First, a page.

Our Architects, Landscape Architects and Urban Designers are inspirational designers, pushing boundaries in the way we imagine and shape buildings and cities for the next generation. We are home to leading urban social scientists, architectural historians, urban theorists and sustainability scientists. Our special blend of subjects and methodologies gives us the opportunity to re-invent urban professional scholarship, research and teaching; promoting design as a unique form of normative intervention, while retaining the very best of scientific, arts and humanities scholarly traditions. This is brilliantly exemplified by the Ronald Coase Centre for Property Rights Research, one of four centres internationally that carry the name and personal endorsement of the Nobel Prize-winning economist. Why did a Chicago-based celebrity economist endorse a HKU Faculty of Architecture centre? Because he recognized that architects, planners, urban economists and other urban professionals and scholars are at the forefront of tackling some of civilization’s most pressing resource allocation problems, including shaping living-working habitats for centuries to come.

Linking all we do, across design and science, is technology and data. Together, 5G, AI and Blockchain, will change some of the fundamentals of how markets and governments work to order society. And without a doubt, they will fundamentally change the nature of cities. FoA aims to be at the forefront of the academic research that understands these changes and predicts what they mean for society and for the built environment professions. Autonomous people and freight transport will be with us within a decade and will reshape our cities for drone transport, as 19th century cities and early 20th century cities were totally reconfigured for rail and motor vehicles respectively. Energy conserving master plans will rely on buildings and public spaces that ‘talk’ to each other to adjust smart building facades and adjust heating and cooling systems. Blockchain-enabled land transactions will make landed assets completely decomposable and separable (rooms I houses, building frontages for advertising, building rooves for energy generation) and subject to investment and trading like shares in a company or like derivative instruments in the financial sector. The same technologies that will change the shape and function of our built environments also offer new ways of designing, planning, managing and governing them. Decennial surveys of populations, and expensive one-off surveys of traffic, shoppers, water and air quality, commuters, housing and other vital stocks and flows in the urban eco-system, will soon seem quaint antiques of the 19th and 20th centuries (modern decennial census started in the mid 19th century). They are being replaced with real-time monitoring via social media, mobile devices, ground and air sensing, individual, record-matching across health, welfare and commercial domains and so on. The Faculty of Architecture is playing a leading role internationally in embracing the new urban science that is emerging from these new urban data sources, with a family of master’s programmes covering urban analytics, sustainable city planning, smart architectural facades, healthy cities, and data modelling for urban design.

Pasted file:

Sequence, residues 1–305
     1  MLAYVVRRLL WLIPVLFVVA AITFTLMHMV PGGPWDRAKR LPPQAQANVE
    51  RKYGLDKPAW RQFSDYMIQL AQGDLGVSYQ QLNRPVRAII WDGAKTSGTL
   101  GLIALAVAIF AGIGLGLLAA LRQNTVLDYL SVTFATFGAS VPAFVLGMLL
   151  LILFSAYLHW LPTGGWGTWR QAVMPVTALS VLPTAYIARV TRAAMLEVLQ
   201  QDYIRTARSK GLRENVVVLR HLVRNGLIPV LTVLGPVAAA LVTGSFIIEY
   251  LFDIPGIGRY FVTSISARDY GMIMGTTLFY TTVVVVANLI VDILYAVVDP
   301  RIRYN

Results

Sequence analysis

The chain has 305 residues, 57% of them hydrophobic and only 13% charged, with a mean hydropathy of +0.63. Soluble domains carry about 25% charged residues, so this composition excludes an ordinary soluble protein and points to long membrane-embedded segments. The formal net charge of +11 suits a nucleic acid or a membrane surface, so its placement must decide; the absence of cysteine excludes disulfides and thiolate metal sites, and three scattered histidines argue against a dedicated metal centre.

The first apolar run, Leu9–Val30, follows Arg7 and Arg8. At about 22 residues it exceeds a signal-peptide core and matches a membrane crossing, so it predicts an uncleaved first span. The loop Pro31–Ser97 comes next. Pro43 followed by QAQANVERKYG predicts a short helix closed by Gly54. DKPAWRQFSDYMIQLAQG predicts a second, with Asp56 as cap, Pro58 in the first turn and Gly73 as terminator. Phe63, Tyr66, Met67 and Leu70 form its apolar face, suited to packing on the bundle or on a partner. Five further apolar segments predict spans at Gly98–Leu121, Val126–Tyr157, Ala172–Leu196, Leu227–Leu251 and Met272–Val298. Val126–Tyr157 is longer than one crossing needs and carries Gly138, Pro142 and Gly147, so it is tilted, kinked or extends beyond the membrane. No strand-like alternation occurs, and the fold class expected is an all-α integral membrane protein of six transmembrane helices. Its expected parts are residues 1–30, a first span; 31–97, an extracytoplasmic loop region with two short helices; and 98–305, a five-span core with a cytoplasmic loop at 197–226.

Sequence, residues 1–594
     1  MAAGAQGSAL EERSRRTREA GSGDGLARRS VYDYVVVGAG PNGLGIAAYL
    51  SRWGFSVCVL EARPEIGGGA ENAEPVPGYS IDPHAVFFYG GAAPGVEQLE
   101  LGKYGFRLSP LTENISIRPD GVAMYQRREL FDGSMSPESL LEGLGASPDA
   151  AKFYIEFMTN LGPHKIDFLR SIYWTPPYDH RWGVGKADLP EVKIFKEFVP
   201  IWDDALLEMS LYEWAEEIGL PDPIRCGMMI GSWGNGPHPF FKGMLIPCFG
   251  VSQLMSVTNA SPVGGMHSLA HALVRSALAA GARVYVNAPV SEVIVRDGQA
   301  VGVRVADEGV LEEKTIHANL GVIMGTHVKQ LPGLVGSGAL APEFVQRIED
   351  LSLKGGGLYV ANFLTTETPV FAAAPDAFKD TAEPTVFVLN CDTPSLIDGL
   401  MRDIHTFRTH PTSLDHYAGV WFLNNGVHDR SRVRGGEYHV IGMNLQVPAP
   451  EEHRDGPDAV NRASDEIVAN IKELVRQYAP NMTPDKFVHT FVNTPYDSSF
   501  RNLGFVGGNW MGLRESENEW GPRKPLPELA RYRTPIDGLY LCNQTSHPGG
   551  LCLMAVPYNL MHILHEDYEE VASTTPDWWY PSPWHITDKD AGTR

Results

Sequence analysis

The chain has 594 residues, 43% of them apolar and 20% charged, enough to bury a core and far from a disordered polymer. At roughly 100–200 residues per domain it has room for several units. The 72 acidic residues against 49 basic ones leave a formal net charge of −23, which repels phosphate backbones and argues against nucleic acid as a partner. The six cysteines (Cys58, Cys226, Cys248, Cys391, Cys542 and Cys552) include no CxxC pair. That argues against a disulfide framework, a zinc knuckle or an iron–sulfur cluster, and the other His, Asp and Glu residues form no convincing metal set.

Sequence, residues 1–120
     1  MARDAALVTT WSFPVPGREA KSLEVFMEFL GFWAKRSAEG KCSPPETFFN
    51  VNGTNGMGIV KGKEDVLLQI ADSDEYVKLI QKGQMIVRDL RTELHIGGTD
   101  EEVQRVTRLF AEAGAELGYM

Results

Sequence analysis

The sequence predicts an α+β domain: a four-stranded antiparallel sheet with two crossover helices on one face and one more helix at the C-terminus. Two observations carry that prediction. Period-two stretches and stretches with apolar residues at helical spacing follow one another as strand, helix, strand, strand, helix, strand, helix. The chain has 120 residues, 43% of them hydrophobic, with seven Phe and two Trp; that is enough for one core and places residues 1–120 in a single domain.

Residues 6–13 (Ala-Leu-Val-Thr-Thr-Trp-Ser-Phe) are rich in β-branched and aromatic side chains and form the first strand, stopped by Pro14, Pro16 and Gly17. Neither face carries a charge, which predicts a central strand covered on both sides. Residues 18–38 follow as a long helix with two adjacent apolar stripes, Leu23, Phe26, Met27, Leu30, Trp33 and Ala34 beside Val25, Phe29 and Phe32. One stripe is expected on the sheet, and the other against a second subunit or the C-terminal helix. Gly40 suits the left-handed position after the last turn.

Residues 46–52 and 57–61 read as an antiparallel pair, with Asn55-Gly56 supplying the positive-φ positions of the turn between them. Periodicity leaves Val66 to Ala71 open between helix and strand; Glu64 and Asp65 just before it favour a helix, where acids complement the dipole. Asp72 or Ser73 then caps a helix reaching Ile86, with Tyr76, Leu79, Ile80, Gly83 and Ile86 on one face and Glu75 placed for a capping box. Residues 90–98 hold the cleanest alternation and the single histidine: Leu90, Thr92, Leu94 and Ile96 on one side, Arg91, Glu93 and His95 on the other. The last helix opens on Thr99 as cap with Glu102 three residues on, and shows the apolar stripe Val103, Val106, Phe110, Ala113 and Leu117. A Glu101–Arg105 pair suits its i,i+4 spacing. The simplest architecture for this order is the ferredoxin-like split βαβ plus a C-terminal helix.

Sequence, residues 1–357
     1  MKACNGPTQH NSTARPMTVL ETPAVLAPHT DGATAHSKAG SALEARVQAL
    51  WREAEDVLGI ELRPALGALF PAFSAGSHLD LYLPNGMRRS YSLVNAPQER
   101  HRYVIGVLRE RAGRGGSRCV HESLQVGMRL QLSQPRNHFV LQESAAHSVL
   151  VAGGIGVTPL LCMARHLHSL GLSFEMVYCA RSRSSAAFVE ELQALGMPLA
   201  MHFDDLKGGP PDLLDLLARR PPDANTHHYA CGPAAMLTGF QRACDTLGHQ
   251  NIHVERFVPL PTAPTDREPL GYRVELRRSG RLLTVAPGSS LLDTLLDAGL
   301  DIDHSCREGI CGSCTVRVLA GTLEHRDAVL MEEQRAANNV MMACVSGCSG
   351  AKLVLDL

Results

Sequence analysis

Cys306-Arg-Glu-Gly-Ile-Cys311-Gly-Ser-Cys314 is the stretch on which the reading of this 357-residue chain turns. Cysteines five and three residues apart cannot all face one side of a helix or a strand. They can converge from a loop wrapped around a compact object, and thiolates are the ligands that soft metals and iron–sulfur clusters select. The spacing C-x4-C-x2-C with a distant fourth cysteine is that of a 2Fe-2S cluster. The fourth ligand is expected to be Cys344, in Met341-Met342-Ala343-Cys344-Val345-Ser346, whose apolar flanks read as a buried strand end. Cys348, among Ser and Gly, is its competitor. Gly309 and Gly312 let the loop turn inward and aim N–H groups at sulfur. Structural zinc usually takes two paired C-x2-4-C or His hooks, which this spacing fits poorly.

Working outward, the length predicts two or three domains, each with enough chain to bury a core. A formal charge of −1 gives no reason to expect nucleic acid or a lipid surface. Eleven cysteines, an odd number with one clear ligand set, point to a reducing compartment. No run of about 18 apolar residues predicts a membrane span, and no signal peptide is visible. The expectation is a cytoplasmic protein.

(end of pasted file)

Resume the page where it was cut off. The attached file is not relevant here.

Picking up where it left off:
Chris Webster